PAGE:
Several patterns have come out the past couple of years with side pleats, and I have most of them. However, when I saw Simplicity 2053 had a waist seam, I had to add yet another version of this pattern to my collection. A waist seam is a necessity for my pear-shaped body.
I planned this pattern for a mustard-colored wool I bought from Fabric Mart a couple years ago, but I wanted to test out the pattern first before cutting into my special fabric. I got this fabulous Michael Kors cotton at the fabric swap portion of the DC-area Pattern Review meetup in November, and it was perfect.
As part of my pattern-testing, I added muslin sleeves to the bodice. I don't like the weird sleeve that comes with the pattern so I used my generic Burda woven sleeve. It would need a little bit of sleeve-cap reduction, but otherwise fit into the armscye fine.
I also found that the neckline was very high as drafted. You can see the yellow pin marking a more flattering height for the neckline.
This pattern does not come with a lining. I hate facings and use a lining instead wherever it is possible.
In this case it was a little tricky, because I didn't want to just duplicate the pattern in lining--the pleats add a good deal of bulk and I didn't need to double that.
Instead, I used the front bodice and skirt pattern from New Look 6968 as the front lining. S2053's bodice is slightly longer (and the skirt slightly shorter at the waist) than NL 6968.
The neckline and armscye required minimal reshaping. I traced them from the from the non-pleat side of the S2053 bodice front. Once these small tweaks were made, the lining fit the fashion fabric perfectly.
I used a contrast cotton for the bodice lining (and slippery rayon for the skirt lining). This piece was a leftover from a top I made years ago, before my discovery of Pattern Review so no photos. It had been in and out of the donation bag about a dozen times. I still liked the print, but could never imagine a project for it. I am so glad I pulled it out of the donation bag in the nick of time before my last giveaway, because I just love it for the lining! I used my all-machine clean-finish bodice lining tutorial method.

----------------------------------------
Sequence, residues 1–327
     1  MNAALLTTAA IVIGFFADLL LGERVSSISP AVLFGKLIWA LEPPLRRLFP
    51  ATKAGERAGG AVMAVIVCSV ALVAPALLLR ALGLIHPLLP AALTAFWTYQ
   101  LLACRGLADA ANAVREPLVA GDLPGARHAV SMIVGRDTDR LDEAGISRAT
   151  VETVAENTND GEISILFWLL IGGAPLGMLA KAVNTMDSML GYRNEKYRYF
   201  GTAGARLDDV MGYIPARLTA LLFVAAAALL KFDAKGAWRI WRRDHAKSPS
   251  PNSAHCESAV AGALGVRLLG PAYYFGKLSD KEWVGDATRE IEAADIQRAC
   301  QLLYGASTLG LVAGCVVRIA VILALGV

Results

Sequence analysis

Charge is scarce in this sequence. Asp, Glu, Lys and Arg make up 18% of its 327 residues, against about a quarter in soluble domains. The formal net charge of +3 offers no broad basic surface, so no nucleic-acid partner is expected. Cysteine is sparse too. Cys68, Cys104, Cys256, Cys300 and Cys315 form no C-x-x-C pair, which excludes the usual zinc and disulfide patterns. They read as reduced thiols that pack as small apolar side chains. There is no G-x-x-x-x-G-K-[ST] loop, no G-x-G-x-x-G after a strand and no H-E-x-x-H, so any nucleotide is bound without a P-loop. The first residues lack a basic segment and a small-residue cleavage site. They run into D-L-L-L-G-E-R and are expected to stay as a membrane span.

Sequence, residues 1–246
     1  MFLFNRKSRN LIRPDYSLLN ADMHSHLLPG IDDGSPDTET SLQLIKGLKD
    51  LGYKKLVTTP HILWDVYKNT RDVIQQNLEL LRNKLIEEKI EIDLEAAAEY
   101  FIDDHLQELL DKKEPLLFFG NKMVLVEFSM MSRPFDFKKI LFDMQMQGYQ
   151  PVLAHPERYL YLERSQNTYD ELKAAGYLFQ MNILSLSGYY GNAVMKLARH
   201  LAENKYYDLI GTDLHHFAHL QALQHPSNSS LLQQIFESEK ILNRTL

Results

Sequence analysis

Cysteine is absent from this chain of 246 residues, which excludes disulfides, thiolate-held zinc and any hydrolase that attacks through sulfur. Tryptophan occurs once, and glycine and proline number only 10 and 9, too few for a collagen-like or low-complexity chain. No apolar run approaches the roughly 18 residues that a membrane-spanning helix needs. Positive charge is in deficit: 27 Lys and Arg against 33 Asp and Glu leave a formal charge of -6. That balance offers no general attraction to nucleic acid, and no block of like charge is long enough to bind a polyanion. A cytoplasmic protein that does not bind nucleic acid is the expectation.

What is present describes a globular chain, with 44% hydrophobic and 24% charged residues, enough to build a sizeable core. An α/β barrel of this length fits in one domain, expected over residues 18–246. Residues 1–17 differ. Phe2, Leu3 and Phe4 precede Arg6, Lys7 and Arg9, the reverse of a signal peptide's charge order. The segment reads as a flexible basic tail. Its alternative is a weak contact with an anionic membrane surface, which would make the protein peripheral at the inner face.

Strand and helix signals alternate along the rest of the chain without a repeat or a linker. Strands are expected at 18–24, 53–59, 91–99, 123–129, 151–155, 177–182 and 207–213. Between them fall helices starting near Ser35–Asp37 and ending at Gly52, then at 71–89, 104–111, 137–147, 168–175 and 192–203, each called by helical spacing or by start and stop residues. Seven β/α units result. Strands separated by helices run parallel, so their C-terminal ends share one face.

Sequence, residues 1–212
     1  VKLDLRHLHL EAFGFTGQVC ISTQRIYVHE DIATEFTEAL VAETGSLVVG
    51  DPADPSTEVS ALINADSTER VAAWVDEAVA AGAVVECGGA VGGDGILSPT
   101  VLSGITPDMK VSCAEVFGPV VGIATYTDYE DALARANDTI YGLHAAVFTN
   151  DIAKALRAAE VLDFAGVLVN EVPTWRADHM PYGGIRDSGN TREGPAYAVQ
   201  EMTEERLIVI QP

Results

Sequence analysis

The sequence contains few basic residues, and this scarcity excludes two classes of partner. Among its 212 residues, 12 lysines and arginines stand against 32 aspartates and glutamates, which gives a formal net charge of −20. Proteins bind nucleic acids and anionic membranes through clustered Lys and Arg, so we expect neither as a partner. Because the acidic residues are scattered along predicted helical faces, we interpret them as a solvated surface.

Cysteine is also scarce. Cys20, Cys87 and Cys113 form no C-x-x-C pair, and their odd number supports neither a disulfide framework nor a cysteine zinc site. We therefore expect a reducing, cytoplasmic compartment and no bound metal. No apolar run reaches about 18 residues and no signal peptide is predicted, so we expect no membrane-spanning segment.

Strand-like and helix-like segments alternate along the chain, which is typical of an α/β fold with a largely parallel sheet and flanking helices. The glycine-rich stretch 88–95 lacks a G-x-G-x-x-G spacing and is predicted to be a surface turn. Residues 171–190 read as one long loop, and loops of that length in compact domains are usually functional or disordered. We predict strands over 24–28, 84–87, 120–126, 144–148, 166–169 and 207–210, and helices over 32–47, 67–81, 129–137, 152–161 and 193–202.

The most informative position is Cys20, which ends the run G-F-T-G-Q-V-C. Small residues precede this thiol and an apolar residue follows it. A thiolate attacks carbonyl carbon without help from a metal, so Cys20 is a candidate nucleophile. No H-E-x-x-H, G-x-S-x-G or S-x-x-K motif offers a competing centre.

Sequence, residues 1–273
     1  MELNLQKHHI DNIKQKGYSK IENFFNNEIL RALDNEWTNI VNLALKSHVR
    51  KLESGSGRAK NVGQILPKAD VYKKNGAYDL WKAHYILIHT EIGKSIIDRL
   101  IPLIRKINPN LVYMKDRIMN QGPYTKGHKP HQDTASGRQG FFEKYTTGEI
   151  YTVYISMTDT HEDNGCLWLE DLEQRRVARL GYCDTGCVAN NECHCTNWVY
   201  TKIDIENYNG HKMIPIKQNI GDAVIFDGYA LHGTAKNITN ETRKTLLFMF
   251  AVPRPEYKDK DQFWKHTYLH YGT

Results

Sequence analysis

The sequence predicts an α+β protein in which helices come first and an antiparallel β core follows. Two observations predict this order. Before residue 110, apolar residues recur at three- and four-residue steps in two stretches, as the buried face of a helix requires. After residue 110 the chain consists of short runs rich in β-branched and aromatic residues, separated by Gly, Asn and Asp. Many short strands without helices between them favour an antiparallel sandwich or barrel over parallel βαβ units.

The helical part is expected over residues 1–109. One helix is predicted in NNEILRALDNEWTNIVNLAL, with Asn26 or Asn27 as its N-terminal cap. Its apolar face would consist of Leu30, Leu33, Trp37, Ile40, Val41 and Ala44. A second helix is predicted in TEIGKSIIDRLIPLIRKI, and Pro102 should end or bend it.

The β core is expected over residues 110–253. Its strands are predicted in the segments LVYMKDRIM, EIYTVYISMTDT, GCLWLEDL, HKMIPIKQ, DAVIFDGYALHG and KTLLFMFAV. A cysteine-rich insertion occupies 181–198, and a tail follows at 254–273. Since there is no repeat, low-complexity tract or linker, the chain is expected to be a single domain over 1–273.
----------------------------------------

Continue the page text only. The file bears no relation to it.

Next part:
The skirt as drafted was too long for me, something I should know by now! Normally it's not an issue, but this dress requires a walking slit in the back. The extensions for the slit started too low for me once the skirt was at a flattering length. I just had to stitch the extensions in place. Luckily, it's only ugly on the inside. You would never guess there was a problem from the outside.
This fabric was high quality but incredibly frustrating. It has subtle stripes, which required matching. Stripe-matching on its own is a pain, but in this instance the stripes disappeared as you got closer to the fabric. So when I got close enough to the fabric to pin it, I could no longer see the stripes. Aiyee!!! Luckily, their subtlety and the pleats that made stripe-matching impossible along one side seam helped me not to be too stressed. I did pretty good at the zipper and the straight side seam.
I am glad I made this pattern in the test fabric before moving on to my special wool.
While I do like the dress, the pleats are not my most flattering look. They open up over the belly and there is something weird going on at the bust (I did not do a small bust adjustment because it would have interfered with the pleats--I would have had to narrow the ones nearest the bust). I'm also not crazy about the pleats opening upward; it looks like they are there to hold keys and loose change. (To answer Little Hunting Creek: The pattern would require some annoyingly extensive redrafting to get them to face downward because it is drafted with the pleat extensions and such to go upward.) So I will have to find a different pattern for the yellow wool.
I cut my usual Simplicity sizes, a 6 at the shoulders and bust, 10-12ish at the waist, and 12-14ish at the hip. This is cut much more snugly than your usual Simplicity, so the resulting dress is quite fitted, much more than I'm used to. I think the close fit is flattering, but also a little uncomfortable. There is no margin of error for a big meal in this dress!
All photos are here and the pattern review is here.